Big Nite Out

I knew if I stayed in Brunswick long enough that I wouldn't have to leave the suburb to see music. Actually we've been able to see music in this part of the suburbs for a while, but the death of venues like The Punters Club has meant that more and more venues like the East Brunswick Club have come into being. All enthusiastic and not at all flash, no airconditioning. But able to host credible overseas bands and charge for it. Even without airconditioning.


This night out has been on the cards for a while and I'm glad we booked to see The Handsome Family early on as it did sell out. Gerard arranged for us to go and see them last time at Ceres in 2005, when I was pregnant with Grace. He played me a copy of one of their CDs someone from Tas had sent him. I was instantly sold. As usual I didn't take the trouble to find out anything about the musicians, all I heard was the voice of Brett Sparks singing these dark, beautiful songs. He has one of those deep, male voices that can knock you over. The sound was so rich and layered I thought the band must be a multi generational tribe of country folk. So when Brett and Rennie Sparks came on stage at Ceres looking as if they'd be at home in inner city Melbourne and started cracking jokes about going to hospital and dysfunctional families and living in the US, I was somewhat taken aback. Where was the band? A drum machine and the odd extra instrument (melodica?)? Right. Not what I expected. Not at all. Still as I settled down and the night wore on, I stopped feeling dislocated. The beautiful, rich music with its' deep roots in American folk and country was still there. And the banter in between trod that beautiful line twixt tasteless and hilarious. If one was going to label The Handsome Family, I suppose alt/goth/country would do it. But despite all the jokes, it's pretty deep stuff. But I guess it's like reading a sad story out aloud for laughs, you get the audience in and with you. Then they get to hear what you say. And tragedy has its' comic side. 


photo by Mark Owen, from The Handsome Family Website

Last night was always going to be an excercise in endurance. It was hot in there. So hot that people were leaving or wiping their faces with their hankies. At one point I felt the sweat drip off my eyeball. The thought of someone else from the audience touching me in passing became unbearable. Lord knows, it must have been so much worse up on stage under those lights. Lack of airconditioning or ventilation made the Punters look classy, I tell you. I have never ever been in a venue where it was this hot before.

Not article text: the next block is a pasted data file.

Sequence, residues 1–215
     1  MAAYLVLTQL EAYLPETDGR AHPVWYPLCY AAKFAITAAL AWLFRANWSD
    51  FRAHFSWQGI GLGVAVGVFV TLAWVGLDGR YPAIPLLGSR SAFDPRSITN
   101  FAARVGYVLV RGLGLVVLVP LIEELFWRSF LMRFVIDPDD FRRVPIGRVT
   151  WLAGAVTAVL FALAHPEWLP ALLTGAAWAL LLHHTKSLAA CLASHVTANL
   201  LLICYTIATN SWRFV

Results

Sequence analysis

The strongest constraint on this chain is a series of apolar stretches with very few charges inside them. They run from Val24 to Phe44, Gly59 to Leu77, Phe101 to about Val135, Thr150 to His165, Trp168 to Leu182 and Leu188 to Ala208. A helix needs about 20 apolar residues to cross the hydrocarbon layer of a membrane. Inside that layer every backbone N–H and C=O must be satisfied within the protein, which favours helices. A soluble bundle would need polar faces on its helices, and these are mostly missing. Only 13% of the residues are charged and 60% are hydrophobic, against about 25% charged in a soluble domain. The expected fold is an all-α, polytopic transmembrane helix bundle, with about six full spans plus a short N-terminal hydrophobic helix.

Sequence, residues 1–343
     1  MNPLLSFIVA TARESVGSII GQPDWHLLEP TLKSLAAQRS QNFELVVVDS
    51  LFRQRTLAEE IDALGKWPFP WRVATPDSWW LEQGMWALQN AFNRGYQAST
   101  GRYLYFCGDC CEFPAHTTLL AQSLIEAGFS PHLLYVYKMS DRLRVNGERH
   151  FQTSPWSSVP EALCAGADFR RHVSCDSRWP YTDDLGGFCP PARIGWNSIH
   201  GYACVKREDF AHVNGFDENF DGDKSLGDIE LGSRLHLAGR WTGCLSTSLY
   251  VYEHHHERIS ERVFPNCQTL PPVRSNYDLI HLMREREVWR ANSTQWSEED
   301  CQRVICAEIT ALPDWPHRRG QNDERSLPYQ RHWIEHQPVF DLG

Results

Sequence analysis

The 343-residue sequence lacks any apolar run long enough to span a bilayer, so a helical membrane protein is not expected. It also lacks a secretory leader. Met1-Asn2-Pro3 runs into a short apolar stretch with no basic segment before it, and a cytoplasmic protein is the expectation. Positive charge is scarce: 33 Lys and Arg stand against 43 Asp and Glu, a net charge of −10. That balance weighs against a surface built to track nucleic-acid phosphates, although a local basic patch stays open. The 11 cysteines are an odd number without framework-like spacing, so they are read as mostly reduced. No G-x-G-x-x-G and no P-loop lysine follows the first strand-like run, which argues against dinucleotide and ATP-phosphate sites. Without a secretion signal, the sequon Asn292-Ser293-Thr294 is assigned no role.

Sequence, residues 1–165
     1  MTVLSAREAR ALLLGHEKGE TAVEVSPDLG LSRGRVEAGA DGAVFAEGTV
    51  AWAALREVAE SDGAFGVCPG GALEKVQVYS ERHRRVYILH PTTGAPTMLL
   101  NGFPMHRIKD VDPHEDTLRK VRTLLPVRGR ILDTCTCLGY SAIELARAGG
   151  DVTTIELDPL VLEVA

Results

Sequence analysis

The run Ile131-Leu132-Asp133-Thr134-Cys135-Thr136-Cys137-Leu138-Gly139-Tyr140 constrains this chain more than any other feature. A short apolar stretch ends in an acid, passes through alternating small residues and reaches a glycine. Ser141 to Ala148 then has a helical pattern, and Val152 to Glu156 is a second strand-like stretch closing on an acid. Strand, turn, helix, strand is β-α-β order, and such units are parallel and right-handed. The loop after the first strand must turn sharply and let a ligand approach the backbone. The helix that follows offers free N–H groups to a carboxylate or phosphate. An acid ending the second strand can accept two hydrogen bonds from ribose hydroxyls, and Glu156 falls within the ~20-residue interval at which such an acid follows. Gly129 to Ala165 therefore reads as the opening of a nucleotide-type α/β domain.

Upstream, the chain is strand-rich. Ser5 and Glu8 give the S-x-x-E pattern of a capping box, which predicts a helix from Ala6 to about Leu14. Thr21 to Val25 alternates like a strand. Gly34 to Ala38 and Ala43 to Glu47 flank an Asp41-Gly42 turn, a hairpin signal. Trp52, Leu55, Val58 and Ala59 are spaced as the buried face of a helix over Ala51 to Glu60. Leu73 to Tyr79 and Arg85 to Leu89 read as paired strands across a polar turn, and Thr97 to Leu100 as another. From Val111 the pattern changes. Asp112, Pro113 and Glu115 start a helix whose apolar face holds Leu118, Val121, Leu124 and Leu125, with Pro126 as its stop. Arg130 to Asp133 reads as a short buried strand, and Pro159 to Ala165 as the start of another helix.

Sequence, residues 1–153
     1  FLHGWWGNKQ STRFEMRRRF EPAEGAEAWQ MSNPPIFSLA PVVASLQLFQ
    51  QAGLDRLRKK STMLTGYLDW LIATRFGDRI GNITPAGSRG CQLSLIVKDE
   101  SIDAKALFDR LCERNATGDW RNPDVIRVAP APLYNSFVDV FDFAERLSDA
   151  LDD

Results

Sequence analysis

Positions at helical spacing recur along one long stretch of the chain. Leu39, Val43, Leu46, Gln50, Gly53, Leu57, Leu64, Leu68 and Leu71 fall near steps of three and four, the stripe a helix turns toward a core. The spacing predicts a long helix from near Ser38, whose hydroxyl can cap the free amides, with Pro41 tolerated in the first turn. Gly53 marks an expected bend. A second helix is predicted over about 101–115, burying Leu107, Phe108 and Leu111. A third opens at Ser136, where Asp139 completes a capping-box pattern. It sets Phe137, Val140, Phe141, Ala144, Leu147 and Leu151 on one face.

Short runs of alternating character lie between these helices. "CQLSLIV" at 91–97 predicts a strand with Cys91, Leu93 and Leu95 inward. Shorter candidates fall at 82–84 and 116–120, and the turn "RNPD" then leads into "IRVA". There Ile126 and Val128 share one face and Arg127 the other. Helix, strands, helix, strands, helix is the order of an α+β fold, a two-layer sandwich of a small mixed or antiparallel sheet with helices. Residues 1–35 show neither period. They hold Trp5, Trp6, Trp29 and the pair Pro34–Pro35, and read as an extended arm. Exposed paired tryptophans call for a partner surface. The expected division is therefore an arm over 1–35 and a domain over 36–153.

Three songs in they played my favourite song, the one I was hoping to hear live. The one I refer to in my head as the hole but is actually called The Bottomless Hole. The one I listened to endlessly while crocheting a blue poncho in my hospital room where I was a guest of the state for a month. Even if you don't know the tune, it reads out loud really well and goes like this:
My name I don't remember
Though I hail from Ohio
I had a wife and children
Good tires on my car
What took me from my home
And put me in the earth
Was the mouth of a deep, dark hole
I found behind my barn
We'd been filling it with garbage
As long as you could count
Kitchen scraps and dead cows
Tractors broken down
But never did I hear
One thing hit the ground
And slowly I came to fear
That this was a bottomless hole
I went out behind the barn
And stared down in that hole
Late into the evening
My mind would not let go
So I got out my ropes
And a rusty, clawfoot bath
And rigged myself a chariot
To ride down in that hole
My wife she did help me
She fed me down the ropes
And then I sank away
From the surface of this world
But when the last rope pulled tight
I had not reached the end
And in anger I swung there
Down in the dark abyss
So I got out my knife
I told my wife goodbye
I cut loose from the ropes
And fell on down that hole
And still am there falling
Down in this evil pit